1. Not Knowing What You Really Need in ERP Software
Before diving right into choosing a solution, take the time to understand what you really need. To begin with, determine whether you need fully integrated ERP software or best-of-breed software. This will often depend on the issues you are trying to solve or the opportunities you are trying to capture, as well as the size and structure of your company. For example, if you’re a small to mid-sized company with limited budget and limited resources, then you’ll probably want to consider a fully integrated ERP software system. This type of system will allow you to streamline your processes and achieve improved productivity at a lower cost and with fewer resources.
Take into consideration that, in order to efficiently implement and use best-of-breed solutions, you will need extensive knowledge of both the business rules and the database constructs within each application of your business processes. This is due to the fact that all of your individual systems need to run in unison in order for your data to be consistent and accurate throughout your operations. If you’re not prepared to deal with the sometimes overwhelming task of creating your own interface between disparate systems, then fully integrated ERP software is your better choice.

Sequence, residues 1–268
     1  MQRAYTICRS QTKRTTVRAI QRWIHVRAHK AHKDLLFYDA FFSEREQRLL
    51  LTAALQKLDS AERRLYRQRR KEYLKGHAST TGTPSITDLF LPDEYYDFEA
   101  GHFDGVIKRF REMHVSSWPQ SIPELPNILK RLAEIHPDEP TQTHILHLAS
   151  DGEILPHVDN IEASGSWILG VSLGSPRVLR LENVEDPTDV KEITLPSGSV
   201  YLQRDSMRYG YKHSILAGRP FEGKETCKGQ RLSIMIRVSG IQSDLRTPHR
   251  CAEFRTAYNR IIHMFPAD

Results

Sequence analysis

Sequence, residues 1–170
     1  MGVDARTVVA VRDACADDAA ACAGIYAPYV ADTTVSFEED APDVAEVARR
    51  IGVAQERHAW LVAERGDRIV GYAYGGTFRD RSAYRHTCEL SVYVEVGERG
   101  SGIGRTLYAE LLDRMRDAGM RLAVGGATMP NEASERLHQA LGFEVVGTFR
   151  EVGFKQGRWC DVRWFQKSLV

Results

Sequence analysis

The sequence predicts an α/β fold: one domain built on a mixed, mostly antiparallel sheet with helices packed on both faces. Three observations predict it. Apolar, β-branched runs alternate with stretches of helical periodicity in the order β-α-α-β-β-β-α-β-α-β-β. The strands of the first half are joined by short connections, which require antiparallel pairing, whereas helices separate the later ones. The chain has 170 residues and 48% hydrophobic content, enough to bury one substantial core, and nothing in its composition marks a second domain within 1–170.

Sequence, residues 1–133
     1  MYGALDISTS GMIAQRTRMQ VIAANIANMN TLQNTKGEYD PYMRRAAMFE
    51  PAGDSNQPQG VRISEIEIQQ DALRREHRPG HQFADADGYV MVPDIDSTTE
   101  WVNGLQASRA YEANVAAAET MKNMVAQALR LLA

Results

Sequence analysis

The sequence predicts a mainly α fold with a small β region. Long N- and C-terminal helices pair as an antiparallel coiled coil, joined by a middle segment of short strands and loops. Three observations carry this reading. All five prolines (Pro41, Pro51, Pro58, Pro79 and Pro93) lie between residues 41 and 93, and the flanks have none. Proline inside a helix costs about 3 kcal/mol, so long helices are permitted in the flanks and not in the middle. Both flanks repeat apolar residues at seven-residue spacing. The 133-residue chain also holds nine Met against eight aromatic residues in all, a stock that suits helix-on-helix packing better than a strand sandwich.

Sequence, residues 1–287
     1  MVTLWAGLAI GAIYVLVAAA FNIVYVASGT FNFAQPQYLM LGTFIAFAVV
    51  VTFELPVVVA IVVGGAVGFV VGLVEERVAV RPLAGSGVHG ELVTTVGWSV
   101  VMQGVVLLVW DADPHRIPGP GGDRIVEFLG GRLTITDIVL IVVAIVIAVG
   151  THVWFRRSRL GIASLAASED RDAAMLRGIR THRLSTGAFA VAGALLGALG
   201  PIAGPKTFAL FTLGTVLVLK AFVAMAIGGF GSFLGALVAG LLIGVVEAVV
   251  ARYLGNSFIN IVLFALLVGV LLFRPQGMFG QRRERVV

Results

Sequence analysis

Unless your needs are very narrow, expect to experience a significantly lower total cost of ownership (TCO) with fully integrated ERP software in comparison to best-of-breed solutions. Using separate best-of-breed solutions can often drastically increase your overall license and implementation costs, not to mention reduce overall operating efficiencies. With a best-of-breed solution, you may not be protected from version obsolescence, which can result in additional investment later on. Additionally, support of your operations can be hindered as you manage problems across multiple vendors.
The best fit for many small to mid-sized companies is often fully integrated ERP software. However, the solution needs to fit most, if not all, of your key business requirements – no small task for a single application. To overcome this obstacle, choose a partner with industry specialization who can help to ensure that your most critical business requirements are met.